But the president is unlikely to do so, and said as much the last time he extended the sanctions in January. He has repeatedly accused Iran of not complying with the deal, even though the IAEA has repeatedly — and consistently — said that Iran is compliance with the terms of JCPOA. So too has the U.S. State Department, and Pompeo, a vocal opponent of the deal.
On Monday, after his visit with Pompeo, Israeli Prime Minister Benjamin Netanyahu delivered a presentation in Tel Aviv in which he alleged — as he has many times in the past — that Iran is trying to build a nuclear weapon. While Israeli officials claimed the presentation was based on new intelligence, the IAEA was aware of the information Netanyahu spoke of well before the Iran deal and published material about it in 2011.
Shortly after that speech, President Trump took questions from reporters on the deal. He praised Netanyahu’s presentation, and said that he remains convinced that the deal is not worth keeping.
“We’ll see what happens. But I think, if anything, what’s happening today and over the last little while and what we’ve learned has really shown that I’ve been 100 percent right,” said Trump.
But there has been zero evidence of that, according to the United Nations.
Given that Iran has not actually violated the deal, the Trump administration has, for the past several months, taken an everything-but-the-kitchen-sink approach to trying to dismantle the deal.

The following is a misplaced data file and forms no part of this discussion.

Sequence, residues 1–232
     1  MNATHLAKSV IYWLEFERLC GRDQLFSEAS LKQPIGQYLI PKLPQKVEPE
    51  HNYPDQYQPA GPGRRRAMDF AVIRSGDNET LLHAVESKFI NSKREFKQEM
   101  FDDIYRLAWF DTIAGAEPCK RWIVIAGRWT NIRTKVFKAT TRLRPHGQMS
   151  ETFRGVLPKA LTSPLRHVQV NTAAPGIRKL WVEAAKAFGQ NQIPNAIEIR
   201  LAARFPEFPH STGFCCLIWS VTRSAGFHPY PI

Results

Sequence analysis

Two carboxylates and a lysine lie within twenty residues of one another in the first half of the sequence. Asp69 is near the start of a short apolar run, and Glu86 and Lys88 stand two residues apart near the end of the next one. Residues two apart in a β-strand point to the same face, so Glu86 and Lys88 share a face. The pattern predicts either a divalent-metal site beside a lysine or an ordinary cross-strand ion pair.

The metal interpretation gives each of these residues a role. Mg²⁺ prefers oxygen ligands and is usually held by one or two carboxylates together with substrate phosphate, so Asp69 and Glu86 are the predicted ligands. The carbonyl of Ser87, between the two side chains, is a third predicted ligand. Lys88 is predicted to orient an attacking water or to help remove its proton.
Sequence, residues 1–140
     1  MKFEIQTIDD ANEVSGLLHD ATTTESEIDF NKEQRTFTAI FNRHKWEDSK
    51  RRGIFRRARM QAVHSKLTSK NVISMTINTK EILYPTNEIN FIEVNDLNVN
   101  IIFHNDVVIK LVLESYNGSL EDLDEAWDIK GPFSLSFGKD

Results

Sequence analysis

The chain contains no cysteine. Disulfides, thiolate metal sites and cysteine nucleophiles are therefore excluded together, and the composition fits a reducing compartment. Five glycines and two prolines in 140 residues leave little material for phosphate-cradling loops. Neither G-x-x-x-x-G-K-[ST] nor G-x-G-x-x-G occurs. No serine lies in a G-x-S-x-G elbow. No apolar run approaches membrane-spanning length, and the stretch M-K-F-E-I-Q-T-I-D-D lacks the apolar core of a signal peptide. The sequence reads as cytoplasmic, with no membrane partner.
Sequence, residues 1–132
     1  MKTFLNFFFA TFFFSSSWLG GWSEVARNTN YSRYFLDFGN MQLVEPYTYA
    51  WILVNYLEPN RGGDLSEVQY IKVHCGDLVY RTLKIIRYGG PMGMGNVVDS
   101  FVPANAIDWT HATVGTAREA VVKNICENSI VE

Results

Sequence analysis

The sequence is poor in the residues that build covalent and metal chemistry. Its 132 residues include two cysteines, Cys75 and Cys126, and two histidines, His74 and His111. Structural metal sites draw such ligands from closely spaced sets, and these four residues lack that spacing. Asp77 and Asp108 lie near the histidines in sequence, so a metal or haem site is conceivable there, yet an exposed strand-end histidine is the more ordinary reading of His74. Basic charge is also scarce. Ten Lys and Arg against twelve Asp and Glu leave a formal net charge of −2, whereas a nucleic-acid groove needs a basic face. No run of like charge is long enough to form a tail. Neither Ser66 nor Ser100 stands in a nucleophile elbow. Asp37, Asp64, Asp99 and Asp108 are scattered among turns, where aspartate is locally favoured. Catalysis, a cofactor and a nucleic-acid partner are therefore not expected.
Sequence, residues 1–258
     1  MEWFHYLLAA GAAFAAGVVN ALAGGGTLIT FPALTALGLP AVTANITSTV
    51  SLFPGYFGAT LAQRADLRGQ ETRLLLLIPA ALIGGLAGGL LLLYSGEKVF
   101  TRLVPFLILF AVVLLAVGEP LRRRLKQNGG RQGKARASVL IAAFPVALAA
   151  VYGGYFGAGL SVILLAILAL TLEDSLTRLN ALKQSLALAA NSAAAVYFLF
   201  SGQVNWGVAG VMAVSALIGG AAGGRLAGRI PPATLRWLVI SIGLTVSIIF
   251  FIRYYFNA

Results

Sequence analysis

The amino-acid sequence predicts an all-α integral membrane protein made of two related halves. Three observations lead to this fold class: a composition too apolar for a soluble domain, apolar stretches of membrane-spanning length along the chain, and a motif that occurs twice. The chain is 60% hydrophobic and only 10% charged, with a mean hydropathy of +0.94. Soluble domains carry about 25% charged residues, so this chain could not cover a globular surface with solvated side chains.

Last October, the president accused Iran of violating the “spirit” of the deal. Earlier this year, he alleged that Iran is providing missiles to Houthi rebels in Yemen, where the United States has supported the Saudi Arabia-led coalition to bomb the country for over two years, triggering a massive humanitarian crisis. During German Chancellor Angela Merkel’s visit last week, Trump said, “Wherever there’s a problem, Iran is right there.”
President Trump has asked the European partners in the deal — France, the United Kingdom, and Germany — to “fix” the deal. But they fell short of passing new sanctions against Iran, which has repeatedly indicated that it would not renegotiate the deal three years after it was struck, nor would it remain in the deal without the United States.
In October, President Trump also refused to recertify Iran’s compliance with the JCPOA, as he is required to do under U.S. law every 90 days. That decertification left the door open for Congress to snap back economic sanctions on Iran with 60 days, which did not happen.
But if it does this time around, and if the banking sanctions snap back, things will become dire in Iran. And that’s not good for anyone, said Boroujerdi. To start, Iran will have to turn to China, because they’re the only country offering the no-strings-attached funds Iran will need.
Iran will also face other hard choices — and some of them might prove to be destabilizing, which, said Boroujerdi, is the Trump administration’s “game plan.”
“They are hoping that by pulling out of the nuclear deal, with the formidable challenges that Iran is experiencing, in terms of the water crisis, the currency situation, lack of foreign investment, etc., will lead to some sort of popular uprising,” he said.
But this will have major regional ramifications.
“This can really set the region ablaze. Having a country like Iran becoming unstable, in this situation, when the whole Middle East is imploding in one way or another, can really raise the stakes, considering Iran’s size, population, and the geopolitical position it occupies,” said Boroujerdi.
“I’m not sure Washington really wants to see that happen, but they are perhaps naively hopeful that this will be a self-contained regime change.”